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Detroit Jazz Festival 2014 Preview: Moving Straight Ahead in the 21st Century

Russ Davis previews the large free festival in the Motor City

Ramsey Lewis
Ramsey Lewis
John Pizzarelli

From Friday, August 29th, through Labor Day, Monday, September 1st, the jazz world will gather in Detroit to celebrate its wonderful heritage and the present state of the music in a grand event that’s been called “The World’s Biggest FREE Jazz Festival. On four stages that are all in walking distance from the banks of the Detroit River to the Main Stage placed among the beautiful classic buildings of the downtown area fans of jazz will be able to sample a variety of styles leaning mostly on the traditional side of things with a special emphasis on the heritage of Detroit jazz as presented by many of those who call The Motor City their home.

As many festivals do, Detroit features multiple performances by a yearly “Artist In Residence.” This year in Detroit it’s the esteemed saxophonist, composer and bandleader Joshua Redman, who’ll kick off the proceedings on Friday night in a performance with that always surprising and unique piano trio The Bad Plus. There is no telling what these four will come up with but I’d pay good money to see that show. Nice thing is that in Detroit I won’t have to pay for the pleasure. Later that night Kevin Mahogany and other vocalists take the stage with David Berger’s NYC Big Band to present a show they call “A Night at the Apollo.”

If you are a fan of big band and large ensemble jazz you’ll be in heaven, as each day begins with some of that presented by local colleges such as Michigan State, The University of Michigan, Central Michigan and a number of local high school ensembles. Plus there’s the U.S. Air Force Airmen of Note Big Band and a number of large ensembles mainly comprised of active native Detroit players as well as the Mack Avenue SuperBand that features artists on the Detroit-based record label of the same name.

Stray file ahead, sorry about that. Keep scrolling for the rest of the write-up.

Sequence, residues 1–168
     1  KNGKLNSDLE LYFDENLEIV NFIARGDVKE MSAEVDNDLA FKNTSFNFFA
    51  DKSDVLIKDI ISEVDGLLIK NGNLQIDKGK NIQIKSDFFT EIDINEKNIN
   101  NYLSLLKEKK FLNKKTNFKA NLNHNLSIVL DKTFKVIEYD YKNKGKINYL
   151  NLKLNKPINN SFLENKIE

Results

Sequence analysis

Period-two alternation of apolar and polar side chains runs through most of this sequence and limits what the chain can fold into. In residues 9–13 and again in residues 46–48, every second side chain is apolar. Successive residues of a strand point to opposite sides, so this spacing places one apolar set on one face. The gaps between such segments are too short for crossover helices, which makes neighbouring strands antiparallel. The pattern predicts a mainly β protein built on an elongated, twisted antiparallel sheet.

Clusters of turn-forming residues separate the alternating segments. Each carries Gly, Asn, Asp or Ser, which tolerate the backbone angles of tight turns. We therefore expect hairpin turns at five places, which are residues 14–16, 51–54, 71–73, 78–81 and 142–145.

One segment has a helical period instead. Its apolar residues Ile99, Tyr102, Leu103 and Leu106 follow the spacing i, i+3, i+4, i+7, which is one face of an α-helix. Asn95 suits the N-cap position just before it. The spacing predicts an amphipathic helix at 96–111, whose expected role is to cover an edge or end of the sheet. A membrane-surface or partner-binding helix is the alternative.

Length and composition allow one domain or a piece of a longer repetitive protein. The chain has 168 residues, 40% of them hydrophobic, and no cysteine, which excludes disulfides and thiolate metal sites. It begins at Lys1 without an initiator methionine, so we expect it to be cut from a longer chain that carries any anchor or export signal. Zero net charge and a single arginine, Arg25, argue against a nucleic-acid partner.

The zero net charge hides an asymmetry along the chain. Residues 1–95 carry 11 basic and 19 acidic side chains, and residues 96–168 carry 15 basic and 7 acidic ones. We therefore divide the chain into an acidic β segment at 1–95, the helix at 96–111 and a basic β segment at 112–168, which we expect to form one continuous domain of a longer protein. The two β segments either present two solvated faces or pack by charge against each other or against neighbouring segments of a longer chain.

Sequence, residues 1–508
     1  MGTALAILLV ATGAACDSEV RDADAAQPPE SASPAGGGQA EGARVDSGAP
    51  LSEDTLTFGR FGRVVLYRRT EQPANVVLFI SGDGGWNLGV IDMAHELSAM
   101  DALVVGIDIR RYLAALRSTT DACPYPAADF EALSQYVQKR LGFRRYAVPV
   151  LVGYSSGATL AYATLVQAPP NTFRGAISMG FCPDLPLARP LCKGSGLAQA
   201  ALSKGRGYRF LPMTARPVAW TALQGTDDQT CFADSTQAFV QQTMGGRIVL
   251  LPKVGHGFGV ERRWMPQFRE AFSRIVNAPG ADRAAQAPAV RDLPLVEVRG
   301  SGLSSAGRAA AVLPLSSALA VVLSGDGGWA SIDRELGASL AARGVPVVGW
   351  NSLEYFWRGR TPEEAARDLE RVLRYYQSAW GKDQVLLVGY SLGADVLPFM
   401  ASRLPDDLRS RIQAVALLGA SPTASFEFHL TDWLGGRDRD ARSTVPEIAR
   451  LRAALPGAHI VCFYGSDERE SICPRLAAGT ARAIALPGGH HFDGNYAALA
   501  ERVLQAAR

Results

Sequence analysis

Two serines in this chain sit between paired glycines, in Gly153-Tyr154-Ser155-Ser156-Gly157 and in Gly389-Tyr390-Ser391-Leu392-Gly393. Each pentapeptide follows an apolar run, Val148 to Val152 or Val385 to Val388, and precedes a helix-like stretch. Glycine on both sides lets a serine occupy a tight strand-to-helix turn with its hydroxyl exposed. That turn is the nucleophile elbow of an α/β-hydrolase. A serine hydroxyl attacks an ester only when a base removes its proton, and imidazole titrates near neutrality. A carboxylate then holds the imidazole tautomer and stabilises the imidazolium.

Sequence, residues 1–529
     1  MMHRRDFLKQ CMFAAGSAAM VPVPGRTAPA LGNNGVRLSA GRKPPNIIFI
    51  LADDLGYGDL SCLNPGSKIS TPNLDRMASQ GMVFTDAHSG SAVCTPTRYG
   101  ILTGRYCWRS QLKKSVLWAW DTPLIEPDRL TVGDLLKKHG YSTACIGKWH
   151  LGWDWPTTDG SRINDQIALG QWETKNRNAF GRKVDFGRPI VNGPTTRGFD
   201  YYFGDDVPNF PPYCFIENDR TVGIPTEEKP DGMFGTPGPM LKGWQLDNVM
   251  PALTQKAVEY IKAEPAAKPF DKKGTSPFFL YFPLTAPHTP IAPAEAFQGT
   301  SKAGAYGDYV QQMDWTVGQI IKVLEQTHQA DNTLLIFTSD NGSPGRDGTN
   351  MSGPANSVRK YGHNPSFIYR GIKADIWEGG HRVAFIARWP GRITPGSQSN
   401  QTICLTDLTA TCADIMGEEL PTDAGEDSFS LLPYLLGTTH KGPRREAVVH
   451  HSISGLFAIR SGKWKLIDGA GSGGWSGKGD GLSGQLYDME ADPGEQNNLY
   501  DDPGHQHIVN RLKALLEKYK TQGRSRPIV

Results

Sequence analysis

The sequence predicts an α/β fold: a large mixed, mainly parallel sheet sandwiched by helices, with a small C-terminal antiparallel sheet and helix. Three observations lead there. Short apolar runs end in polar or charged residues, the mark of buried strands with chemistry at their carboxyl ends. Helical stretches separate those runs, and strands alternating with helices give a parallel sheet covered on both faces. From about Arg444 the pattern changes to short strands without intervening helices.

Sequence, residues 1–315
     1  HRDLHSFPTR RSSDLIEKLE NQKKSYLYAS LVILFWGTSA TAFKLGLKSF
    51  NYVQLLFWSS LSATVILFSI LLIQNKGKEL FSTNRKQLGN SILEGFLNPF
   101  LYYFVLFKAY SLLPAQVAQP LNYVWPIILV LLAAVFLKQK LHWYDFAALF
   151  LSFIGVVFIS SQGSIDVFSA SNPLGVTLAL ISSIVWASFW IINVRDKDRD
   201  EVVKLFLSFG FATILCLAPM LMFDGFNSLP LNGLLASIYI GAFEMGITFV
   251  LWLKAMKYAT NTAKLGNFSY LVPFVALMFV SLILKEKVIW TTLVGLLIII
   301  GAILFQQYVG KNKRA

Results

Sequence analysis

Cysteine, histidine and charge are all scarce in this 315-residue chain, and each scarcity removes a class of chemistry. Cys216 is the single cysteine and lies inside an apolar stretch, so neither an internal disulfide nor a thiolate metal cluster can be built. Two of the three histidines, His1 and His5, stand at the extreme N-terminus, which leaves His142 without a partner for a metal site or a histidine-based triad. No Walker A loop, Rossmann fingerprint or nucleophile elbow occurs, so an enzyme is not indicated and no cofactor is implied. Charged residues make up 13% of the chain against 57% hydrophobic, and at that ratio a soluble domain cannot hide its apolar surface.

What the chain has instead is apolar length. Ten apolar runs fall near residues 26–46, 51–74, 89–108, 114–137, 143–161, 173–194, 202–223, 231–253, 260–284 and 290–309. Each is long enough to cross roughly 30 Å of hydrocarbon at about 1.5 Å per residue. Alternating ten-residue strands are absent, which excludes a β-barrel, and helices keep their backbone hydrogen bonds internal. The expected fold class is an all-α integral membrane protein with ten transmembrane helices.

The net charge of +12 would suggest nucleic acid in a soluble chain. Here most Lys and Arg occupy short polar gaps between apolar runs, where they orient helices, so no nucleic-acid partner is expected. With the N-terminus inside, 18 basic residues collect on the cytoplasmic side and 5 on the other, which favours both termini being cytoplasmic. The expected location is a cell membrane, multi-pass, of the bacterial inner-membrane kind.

If you come to Detroit looking for the great, veteran players who carry on the jazz tradition then you’ll be in the right place with performances by Phil Woods, Barry Harris, Randy Weston, Pharoah Sanders, Al Foster, John Pizzarelli joined by his father Bucky, Tom Harrell and Ron Carter in a tribute to Jim Hall. The memories of the greats of the past are never far away in Detroit as there will be a number of other tribute shows. Wallace Roney and Nicholas Payton will present two separate tributes to Miles Davis. There will be a salute to Nat King Cole featuring Ramsey Lewis and the aforementioned John Pizzarelli, Steve March-Torme with a salute to his father Mel Torme. Cyrus Chestnut pays homage to Dave Brubeck, while local hero Marcus Belgrave and New Orleans’ own Nicholas Payton join together to celebrate the legacy of Louis Armstrong. In the tradition indeed!

If it’s singers you want you’ll hear the aforementioned Misters Torme and Mahogany as well as newcomer Cyrille Aimee, the award-winning Diane Schuur with an orchestra and Detroit pop legend-turned jazz singer Freda Payne with the USAF Airmen of Note Big Band. If you need a shot of Hammond B3 organ groove you’ll be treated to the likes of Dr. Lonnie Smith presenting his recent In The Beginning: Volumes 1 & release, two shows featuring Joey DeFrancesco and the Lou Donaldson Organ Quartet.

You’ll get a great survey of the variety of recent projects by some of the finest players in modern jazz as Detroiter Regina Carter presents her Southern Comfort release live, along with the newest work of Gary Burton with a quintet, saxophonist Bill Evans and his Soulgrass project, The Mike Stern Band, Christian McBride’s trio and what may be the hottest, funkiest show of all, Stanley Clarke presenting his classic School Days and music from his soon to be released album titled UP. The National Academy of Recording Arts & Sciences (NARAS) folks who hand out the Grammy Awards each year, have once again asked me to conduct a panel discussion at the festival this year and it will feature a panel of two, as I get to have a conversation with Stanley Clarke and field questions from the audience. It’s just another nice feature of the Detroit Jazz Fest.

In addition to the great array of artists I’ve already mentioned the crowds will gather to hear the likes of Orrin Evans performing music from his new release Liberation Blues, Rodney Whitaker, Tim Ries, The Dirty Dozen Brass Band, Sean Jones, Pedrito Martinez and so many more. So if you’re free for the Labor Day weekend and have a few extra coins in your pocket come to Detroit for a jazz celebration in a beautiful setting that features plenty of delicious food, arts & crafts, music and cool festival merchandise to purchase, family events to take in, lots of informative “Jazz-Talk” presentations with the artists and all those wonderful performances by some of the greats of jazz from Detroit and all over the world. It’s the wonders of Jazz for four glorious days and you won’t even need a ticket!

Russ Davis produces and presents the only jazz program – “Jazz America” – for the U.S. Government Service, Voice of America. He also programs and presents the online modern jazz channel MOJA Radio, a subscription service. You can hear a number of free programs, including the latest Jazz America show by visiting MOJA Radio’s website.

Originally Published